Designing a website is a perfect example of a job that looks much easier than it actually is. Some websites are so simple and elegant, they look like they could have been built in an hour. This is rarely the case. The fact that one has to design a website in an entirely different language notwithstanding, the most difficult part of web design is making a website do all the things it needs to do.
Websites have replaced billboards, commercials, and in some cases even replaced physical offices as the official face of a company. A company’s website must promote, educate, inform, entertain, and generate profit all at the same time.
Obviously a site must be graphically appealing, informative, easily navigable, etc. We know this. However there are another set of pitfalls that many sites stumble into. Avoiding the subsequent mistakes is a huge step in creating a website that fulfills its goals:
Lack of Search Engine Optimization
A website cannot function if no one sees it. SEO must be addressed before the site is built. Without proper structure and headers, keyword density, meta tags in the design, backlinks, etc., even the most visually appealing site is worthless. After the site is launched, creating backlinks and driving traffic to the site, researching targeted customer search phrases and integrating those phrases into the design and content of the site will constantly improve the page ranking.
SEO is time consuming and difficult, but is the most important aspect of web design. No website can be successful as a tool if no one uses it.
Violating Design Conventions
Unless you’re Mark Zuckerberg, chances are the visitors to your site have been directed there by something that caught their eye, a video, banner, etc. This is an accomplishment, but web consumers have expectations. Don’t try to be overly clever or stand out by being too different. Be original, but be careful.
There are consistent design criteria that all major websites follow. Do not violate them. As soon as a consumer decides your website is difficult, distracting or confusing, they’re gone. Usually for good.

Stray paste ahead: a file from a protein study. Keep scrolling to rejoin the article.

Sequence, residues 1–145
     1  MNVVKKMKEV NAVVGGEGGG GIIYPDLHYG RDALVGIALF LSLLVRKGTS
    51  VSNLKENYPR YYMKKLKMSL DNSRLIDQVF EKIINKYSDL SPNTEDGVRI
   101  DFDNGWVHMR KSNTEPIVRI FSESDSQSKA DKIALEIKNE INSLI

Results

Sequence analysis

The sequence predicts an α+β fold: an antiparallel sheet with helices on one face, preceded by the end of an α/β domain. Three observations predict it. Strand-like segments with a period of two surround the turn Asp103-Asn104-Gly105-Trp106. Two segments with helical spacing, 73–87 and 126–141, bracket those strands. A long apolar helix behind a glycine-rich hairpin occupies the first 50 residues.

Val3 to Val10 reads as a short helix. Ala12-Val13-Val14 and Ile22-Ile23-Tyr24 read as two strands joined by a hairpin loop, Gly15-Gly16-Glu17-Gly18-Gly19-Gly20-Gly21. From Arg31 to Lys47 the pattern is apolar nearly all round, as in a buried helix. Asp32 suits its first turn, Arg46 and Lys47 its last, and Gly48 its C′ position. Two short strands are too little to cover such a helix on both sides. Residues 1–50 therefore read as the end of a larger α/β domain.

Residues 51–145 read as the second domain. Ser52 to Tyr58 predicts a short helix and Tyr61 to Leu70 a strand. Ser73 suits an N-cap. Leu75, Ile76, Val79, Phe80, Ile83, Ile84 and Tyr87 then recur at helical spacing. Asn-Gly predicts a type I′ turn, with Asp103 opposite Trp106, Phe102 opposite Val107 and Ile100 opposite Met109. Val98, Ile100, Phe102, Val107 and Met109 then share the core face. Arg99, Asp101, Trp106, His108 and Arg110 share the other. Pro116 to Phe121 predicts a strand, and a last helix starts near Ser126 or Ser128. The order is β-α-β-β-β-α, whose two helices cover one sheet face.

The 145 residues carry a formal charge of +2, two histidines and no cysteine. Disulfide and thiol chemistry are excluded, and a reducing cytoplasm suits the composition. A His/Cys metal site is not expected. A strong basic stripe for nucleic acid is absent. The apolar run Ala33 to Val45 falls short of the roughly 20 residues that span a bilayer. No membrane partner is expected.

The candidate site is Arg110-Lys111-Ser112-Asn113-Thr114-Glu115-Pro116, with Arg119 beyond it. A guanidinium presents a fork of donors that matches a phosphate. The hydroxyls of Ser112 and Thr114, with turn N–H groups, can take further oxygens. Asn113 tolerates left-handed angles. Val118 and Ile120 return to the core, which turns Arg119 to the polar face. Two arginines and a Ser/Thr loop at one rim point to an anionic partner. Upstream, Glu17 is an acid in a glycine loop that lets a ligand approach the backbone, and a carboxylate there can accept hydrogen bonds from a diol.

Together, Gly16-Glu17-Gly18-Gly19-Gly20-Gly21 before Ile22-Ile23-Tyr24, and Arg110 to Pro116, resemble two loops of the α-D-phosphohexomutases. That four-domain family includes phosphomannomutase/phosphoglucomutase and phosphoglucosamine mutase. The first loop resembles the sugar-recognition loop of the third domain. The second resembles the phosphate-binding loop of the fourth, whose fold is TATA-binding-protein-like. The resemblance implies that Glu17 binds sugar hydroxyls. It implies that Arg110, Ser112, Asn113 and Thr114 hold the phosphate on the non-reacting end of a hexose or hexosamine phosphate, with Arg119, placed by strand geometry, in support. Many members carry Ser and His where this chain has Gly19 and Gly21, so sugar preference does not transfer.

Web users have consistent expectations. Embrace them.
Ads: Where There’s Smoke…
There’s fire. If visitors to your site are overwhelmed with pop ups, flashing banners, redirects, or anything that resembles spam or too much advertising, you’ll lose them. A site that exists only to make money itself has no credibility. Websites can make money for the companies that they represent, by promoting and educating visitors. However, if a site is covered in pop ups and ads like a NASCAR driver’s jumpsuit, users know that all the designer cared about is how many visits they get, not the content on the site.
Beware of banner blindness as well. Even if a site doesn’t have advertising, if certain elements are designed to resemble advertising, people will ignore them. I know personally when I search on Google, I ignore the sponsored results, because I know they paid to get on the first page, and don’t belong there.
Don’t be afraid to monetize your site, or use it for advertising, but be judicious. Sensory overload will cost visit time, and ultimately drive traffic away from the site.
No Call To Action
Websites must have a purpose, or they might as well be YellowPages ads. A portfolio site displaying projects should direct you to Twitter, Facebook, and YouTube pages to see more work and initiate discussions. A sales site should encourage a contact form to be filled out for a follow up. A blog should link to articles, research, different points of view and encourage discussions. There are hundreds of different types of sites, and thousands of things to do on them – find one.
Getting a visitor to share a video, link to a Facebook page, or tweet an article is a win. That visitor has helped promote your company for you, for free. Their social network now knows about you, even though you’ve never met. If three of their friends share your content, your exposure grows exponentially.
The Internet is a crazy place. News stories catch fire and circulate the globe in seconds. Millions of dollars are made as websites are bought and sold by media companies looking to control the flow of site traffic. It can be daunting, but knowing the proper strategies for designing and positioning your website and content will allow you to take advantage of the power of the web.
Staying on top of these techniques will not only protect from wasted investments, but continue to push growth and profits for the future.
Mike Burke is Head of Business Development at redcmedia.